Batey, Joseph Davies, Ellis (Denbigh, Denbigh) Greenall, T.
Benn, Captain Wedgwood (Leith) Davies, Rhys John (Westhoughton) Greenwood, A (Nelson and Colne)
Bentinck, Lord Henry Cavendish Davison, J. E. (Smethwick) Grenfell, D. R. (Glamorgan)
Berry, Sir George Dickson, T. Griffiths, T. (Monmouth, Pontypool)
Bondfield, Margaret Dodds, S. R. Groves, T.
Broad, F. A. Dudgeon, Major C. R. Grundy, T. W.
Brown, A. E. (Warwick, Rugby) Dukes, C. Guest, J. (York, Hemsworth)
Brown, James (Ayr and Bute) Dunnico, H. Hacking, Captain Douglas H.
Buckle, J. Ednam, Viscount Hall, F. (York, W. R., Normanton)
Butler, Sir Geoffrey Edwards, C. (Monmouth, Bedwellty) Hall, G. H. (Merthyr Tydvil)
Cape, Thomas. Edwards, G. (Norfolk, Southern) Hamilton, Sir R. (Orkney & Shetland)
Harbord, Arthur Maxton, James Smith, T. (Pontefract)
Hardle, George D. Middleton, G. Snowden, Rt. Hon. Philip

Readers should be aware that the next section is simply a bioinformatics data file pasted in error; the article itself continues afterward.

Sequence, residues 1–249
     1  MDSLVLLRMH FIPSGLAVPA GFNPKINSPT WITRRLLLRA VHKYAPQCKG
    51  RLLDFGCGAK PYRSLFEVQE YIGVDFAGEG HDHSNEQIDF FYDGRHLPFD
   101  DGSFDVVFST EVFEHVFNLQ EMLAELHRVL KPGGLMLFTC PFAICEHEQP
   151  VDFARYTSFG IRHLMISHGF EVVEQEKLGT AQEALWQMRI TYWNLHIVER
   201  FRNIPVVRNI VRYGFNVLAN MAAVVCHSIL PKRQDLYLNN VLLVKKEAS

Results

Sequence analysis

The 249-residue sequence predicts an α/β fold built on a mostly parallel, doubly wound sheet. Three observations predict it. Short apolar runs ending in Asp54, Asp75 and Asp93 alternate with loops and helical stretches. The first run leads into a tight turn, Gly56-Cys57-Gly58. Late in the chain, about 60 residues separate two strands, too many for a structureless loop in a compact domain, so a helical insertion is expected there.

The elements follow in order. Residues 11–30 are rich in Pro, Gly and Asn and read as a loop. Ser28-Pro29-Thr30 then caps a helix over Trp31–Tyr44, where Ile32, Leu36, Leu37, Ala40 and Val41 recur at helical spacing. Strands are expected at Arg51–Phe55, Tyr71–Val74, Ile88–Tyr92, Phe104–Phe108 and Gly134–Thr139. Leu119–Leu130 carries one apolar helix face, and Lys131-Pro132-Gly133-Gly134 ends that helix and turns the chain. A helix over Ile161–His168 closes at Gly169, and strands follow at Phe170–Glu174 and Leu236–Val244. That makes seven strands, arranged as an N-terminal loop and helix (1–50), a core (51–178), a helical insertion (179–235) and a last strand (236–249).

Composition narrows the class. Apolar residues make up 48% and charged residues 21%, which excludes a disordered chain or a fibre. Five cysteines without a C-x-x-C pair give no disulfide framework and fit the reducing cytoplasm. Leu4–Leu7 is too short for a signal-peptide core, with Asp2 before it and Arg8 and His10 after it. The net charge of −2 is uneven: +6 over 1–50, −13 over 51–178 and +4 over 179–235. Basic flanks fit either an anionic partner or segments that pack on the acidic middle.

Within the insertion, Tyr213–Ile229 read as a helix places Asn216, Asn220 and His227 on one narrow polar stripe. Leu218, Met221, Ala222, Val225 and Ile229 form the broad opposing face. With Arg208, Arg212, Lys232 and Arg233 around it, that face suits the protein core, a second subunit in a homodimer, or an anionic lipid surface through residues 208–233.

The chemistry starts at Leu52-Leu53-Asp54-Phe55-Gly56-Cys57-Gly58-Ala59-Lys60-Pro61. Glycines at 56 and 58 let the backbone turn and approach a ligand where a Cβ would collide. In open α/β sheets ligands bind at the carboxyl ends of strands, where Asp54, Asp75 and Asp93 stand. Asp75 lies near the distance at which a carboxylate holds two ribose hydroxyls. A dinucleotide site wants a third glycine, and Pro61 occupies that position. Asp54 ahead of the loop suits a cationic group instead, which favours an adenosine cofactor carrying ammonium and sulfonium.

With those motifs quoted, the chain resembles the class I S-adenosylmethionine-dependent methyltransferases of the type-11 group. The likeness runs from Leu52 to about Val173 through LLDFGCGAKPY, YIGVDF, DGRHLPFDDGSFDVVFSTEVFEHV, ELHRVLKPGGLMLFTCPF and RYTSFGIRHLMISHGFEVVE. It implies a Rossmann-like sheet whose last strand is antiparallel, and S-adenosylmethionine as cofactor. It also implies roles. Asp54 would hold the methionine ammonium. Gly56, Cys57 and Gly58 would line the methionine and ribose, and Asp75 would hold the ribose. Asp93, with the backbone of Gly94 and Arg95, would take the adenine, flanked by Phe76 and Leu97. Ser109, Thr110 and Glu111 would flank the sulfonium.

Harney, E. A. Millar, J. D. Somerville, Daniel (Barrow-In-Furness)
Harris, John (Hackney, North) Mills, J, E. Spencer, George A. (Broxtowe)
Hartshorn, Rt. Hon. Vernon Mitchell R. M.(Perth & Kinross, Perth) Stephen, Campbell
Harvey, T. E. (Dewsbury) Mitchell, Sir W. Lane (Streatham) Stewart, J. (St. Rollox)
Hastings, Sir Patrick Montague, Frederick Stuart, Hon. J. (Moray and Nairn)
Haycock, A. W. Morel, E. D. Sturrock, J. Leng
Hayday, Arthur Morrison, R. C. (Tottenham, N.) Sueter, Rear-Admiral Murray Fraser
Hayes, John Henry Muir, John W. Sullivan, J.
Henderson, Rt. Hon. A. (Burnley) Murray, Robert Sutton, J. E.
Henderson, T. (Glasgow) Naylor, T. E. Thompson, Piers G. (Torquay)
Henderson, W. W.(Middlesex, Enfield) Nichol, Robert Thomson, F. C. (Aberdeen, South)
Hirst, G. H. Nixon, H. Thomson, Trevelyan (Middlesbro. W.)
Hobhouse, A. L. O'Connor, Thomas P. Thorne, G. R. (Wolverhampton, E.)
Hoffman, P. C. O'Grady, Captain James Thorne, W. (West Ham, Pialstow)
Hogge, James Myles Oliver, George Harold Tinker, John Joseph
Hore-Belisha, Major Leslie Oliver, P. M. (Manchester, Blackley) Tout, W. J.
Hudson, J. H. Paling, W. Turner-Samuels, M.
Hughes, Collingwood Palmer, E. T. Viant, S. P.
Isaacs, G. A. Parkinson, John Allen (Wigan) Vivian, H.
Jackson, R. F. (Ipswich) Pattinson, S. (Horncastle) Ward, Col. J. (Stoke-upon-Trent)